Referring now to FIGS. 8 and 9, the hydraulic motor 120 is operated by a hydraulic system 150 that is entirely contained within the trailer 12. The system 150 includes a control valve 152 which is secured to the bottom frame of the trailer. The valve 152 includes a rearwardly extending actuator that is coupled to a valve control pad 156 by a link 158. The pad 156 is pivotally supported on a shaft 160 that extends between the main beams 24 of the trailer 12. The valve 152 is so arranged that it is closed when the pad 156 is in the position shown and is open when the pad 156 is pivoted toward the valve 152.

The hydraulic system 150 of the trailer 12 further includes a pump 162 which forces hydraulic fluid from a tank 164 to the motor 120. A relief valve 166 and a pressure-compensated flow control unit 168 are also included in the system 150.

Thus, whenever the pad 156 is pivoted to open a valve 152, the pump 162 supplies hydraulic fluid to the motor 120 at a rate controlled by the flow control unit 188.

The control valve control pad arrangement of the system has utility in systems other than conveyor motor control systems. For example, such an arrangement could be used to control the brakes of delivery vehicles including dump trucks, and to thereby prevent separation of the vehicles and a paving machine or other receiving device, In such a case, operation of the control valve controls the flow of energizing fluid to the brakes of the vehicles.

The pad 156 of the trailer 12 is mounted for actuation by the prod 22 of the paving machine 20. The prod 22 is supported in the asphalt-receiving portion of the paving machine by a pair of upwardly extending brackets 172. The prod 22 includes an outer cylinder 174 that is secured to the brackets 172 and a stinger 176 that is slidably supported in the outer cylinder 174. The stinger 176 is hollow and has a spring 178 positioned within it. A piston. 180 extends into engagement with the spring 178 inside the stinger 176.

The piston 180 of the stinger is connected to a piston 182 which comprises a portion of a hydraulic cylinder 184. Whenever hydraulic fluid is directed into the blind end of the cylinder 184, the piston 182 of the cylinder is driven toward the front of the paving machine 20. The piston 182 forces the piston 180 toward the front of the paving machine which in turn operates through the spring 178 to drive the stinger 170 our of the outer cylinder 174 of the prod 22.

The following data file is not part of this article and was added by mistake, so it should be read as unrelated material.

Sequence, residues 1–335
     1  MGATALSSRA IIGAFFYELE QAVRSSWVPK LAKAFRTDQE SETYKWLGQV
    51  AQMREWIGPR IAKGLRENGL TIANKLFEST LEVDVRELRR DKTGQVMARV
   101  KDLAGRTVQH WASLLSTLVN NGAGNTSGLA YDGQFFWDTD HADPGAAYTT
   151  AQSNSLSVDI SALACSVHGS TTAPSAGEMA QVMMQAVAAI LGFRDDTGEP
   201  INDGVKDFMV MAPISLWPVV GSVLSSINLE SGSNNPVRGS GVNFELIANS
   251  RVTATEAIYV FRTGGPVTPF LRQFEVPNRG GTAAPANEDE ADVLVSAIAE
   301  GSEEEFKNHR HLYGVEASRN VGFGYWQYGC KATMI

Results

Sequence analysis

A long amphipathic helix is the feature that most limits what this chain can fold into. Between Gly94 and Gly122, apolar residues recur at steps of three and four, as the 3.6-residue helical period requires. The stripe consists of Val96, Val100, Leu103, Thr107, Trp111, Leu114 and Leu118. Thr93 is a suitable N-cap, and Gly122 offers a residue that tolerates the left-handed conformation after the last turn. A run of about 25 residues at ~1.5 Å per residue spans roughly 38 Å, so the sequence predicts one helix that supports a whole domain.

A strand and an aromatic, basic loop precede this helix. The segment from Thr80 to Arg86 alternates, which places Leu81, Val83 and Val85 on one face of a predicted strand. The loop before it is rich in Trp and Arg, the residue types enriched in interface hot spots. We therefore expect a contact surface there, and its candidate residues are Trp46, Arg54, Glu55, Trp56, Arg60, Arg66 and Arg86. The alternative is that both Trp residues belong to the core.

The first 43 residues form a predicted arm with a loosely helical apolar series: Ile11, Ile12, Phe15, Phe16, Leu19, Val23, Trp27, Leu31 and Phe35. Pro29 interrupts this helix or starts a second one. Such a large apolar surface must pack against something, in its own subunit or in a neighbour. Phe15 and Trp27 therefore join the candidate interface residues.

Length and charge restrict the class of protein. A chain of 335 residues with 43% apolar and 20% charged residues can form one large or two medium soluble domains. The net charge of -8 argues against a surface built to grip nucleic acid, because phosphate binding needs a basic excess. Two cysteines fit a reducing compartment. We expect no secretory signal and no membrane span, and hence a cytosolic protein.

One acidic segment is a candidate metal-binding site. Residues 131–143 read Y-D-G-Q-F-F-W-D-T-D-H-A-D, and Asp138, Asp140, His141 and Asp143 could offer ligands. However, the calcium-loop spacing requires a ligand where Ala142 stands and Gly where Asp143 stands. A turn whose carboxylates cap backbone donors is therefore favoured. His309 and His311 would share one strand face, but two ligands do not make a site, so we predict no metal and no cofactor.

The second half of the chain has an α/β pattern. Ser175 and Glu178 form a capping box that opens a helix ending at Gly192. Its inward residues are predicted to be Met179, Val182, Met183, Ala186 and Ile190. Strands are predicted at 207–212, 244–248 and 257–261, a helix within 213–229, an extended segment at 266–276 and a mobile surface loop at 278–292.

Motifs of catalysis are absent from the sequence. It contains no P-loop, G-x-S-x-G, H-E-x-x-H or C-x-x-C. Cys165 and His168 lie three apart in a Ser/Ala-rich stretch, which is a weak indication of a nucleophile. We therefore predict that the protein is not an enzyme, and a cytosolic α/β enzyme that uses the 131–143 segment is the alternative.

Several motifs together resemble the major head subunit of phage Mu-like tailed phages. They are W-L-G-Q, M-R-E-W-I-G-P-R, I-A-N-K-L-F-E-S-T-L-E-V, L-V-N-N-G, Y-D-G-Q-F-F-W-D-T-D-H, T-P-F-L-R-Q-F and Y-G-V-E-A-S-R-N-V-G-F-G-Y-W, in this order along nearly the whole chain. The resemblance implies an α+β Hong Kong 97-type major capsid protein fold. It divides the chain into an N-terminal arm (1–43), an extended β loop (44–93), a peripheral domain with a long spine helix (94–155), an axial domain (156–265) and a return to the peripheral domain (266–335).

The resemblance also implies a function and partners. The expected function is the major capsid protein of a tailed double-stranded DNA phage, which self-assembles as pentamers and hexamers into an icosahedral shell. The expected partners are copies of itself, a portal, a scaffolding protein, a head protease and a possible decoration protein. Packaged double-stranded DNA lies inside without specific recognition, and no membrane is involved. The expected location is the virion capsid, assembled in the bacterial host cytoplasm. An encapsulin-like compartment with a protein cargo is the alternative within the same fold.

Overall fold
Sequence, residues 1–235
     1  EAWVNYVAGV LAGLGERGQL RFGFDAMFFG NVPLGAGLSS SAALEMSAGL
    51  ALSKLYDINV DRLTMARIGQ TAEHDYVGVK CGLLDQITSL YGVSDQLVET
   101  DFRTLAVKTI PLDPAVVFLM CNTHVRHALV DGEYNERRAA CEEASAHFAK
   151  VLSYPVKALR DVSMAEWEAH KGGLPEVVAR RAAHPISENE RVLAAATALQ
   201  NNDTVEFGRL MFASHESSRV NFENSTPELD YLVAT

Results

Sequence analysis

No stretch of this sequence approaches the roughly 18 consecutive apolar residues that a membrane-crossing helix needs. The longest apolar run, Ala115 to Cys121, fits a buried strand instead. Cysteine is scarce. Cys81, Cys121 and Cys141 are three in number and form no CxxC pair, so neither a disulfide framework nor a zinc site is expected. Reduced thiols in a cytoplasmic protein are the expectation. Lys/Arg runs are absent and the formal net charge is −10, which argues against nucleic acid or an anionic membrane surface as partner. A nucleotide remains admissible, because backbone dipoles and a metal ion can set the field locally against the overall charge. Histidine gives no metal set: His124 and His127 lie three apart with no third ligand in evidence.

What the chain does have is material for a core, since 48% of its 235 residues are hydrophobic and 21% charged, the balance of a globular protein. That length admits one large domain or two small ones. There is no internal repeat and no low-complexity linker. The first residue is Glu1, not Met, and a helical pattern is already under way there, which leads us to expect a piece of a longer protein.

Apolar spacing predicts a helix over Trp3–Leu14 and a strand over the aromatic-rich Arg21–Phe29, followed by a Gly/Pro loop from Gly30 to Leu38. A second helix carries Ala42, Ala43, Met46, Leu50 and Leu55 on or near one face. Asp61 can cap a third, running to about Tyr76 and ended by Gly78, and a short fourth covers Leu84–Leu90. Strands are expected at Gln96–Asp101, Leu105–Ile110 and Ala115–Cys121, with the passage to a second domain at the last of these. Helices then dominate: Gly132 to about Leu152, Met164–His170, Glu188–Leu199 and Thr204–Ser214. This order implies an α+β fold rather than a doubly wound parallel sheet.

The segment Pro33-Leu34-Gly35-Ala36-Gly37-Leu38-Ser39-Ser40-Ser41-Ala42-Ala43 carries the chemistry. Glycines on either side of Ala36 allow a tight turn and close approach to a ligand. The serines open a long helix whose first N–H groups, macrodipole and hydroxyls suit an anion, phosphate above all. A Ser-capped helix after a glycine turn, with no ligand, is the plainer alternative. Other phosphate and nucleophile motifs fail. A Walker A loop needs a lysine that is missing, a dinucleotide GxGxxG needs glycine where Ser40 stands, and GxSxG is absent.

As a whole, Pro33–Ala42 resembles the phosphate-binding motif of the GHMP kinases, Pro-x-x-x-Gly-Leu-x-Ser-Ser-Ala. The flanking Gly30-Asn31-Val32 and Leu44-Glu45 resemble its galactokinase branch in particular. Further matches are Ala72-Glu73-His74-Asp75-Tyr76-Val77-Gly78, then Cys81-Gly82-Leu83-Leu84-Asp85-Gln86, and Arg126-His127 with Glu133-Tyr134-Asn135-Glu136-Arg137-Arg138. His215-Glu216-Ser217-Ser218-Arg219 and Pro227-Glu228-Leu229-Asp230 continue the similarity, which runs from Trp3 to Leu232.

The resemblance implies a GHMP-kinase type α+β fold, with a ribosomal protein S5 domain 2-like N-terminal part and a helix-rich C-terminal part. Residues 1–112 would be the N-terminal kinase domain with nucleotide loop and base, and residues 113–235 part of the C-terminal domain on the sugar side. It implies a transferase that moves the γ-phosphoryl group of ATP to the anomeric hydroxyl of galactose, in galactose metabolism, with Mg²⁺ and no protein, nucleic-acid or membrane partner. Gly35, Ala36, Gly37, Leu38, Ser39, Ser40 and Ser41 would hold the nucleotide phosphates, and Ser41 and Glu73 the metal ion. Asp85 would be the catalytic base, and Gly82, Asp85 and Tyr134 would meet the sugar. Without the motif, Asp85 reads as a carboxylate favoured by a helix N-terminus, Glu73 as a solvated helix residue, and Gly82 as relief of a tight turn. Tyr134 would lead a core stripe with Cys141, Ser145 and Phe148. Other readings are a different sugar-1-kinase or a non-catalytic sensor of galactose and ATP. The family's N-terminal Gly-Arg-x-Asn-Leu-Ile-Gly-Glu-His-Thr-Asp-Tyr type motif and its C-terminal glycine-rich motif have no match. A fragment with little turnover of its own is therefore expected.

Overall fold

As is shown in FIG. 9, the cylinder 184 of the prod 22 is operated by a hydraulic control system 186 mounted on the paving machine 20. The system 186 includes a pump 188 which draws a hydraulic fluid from a tank 190. The pump sup plies fluid to a control valve 192 which controls the flow of fluid to and from the rod and blind ends of the cylinder 184. Thus, by operating the valve 192, the stinger 176 of the prod 22 can be either extended, withdrawn or maintained in any desired position.

When the stinger 176 of the prod 22 is withdrawn, its distal end is positioned about 1 inch from the valve control pads 156 of trailers 12 that are backed into engagement with the paving machine 20. Whenever a trailer is properly positioned for unloading into the paving machine 20, the valve 192 of the hydraulic system 186 is actuated to extend the stinger 176 of the prod 22. As the stinger 176 moves out of the cylinder 174, it pivots the pad 156 of the trailer toward the valve 152. This action opens the valve 152 to permit hydraulic fluid to flow to the motor 120. The motor 120 thereupon drives the loading assembly 18 of the trailer 12 to unload asphalt from the trailer into the paving machine. The cylinder 184 and the spring 178 are designed to apply a contact pressure of about 200 pounds between the stinger 176 of the prod 22 and the pad 156 of the trailer 12. This prevents accidental closings of the valve 152 during an unloading operation.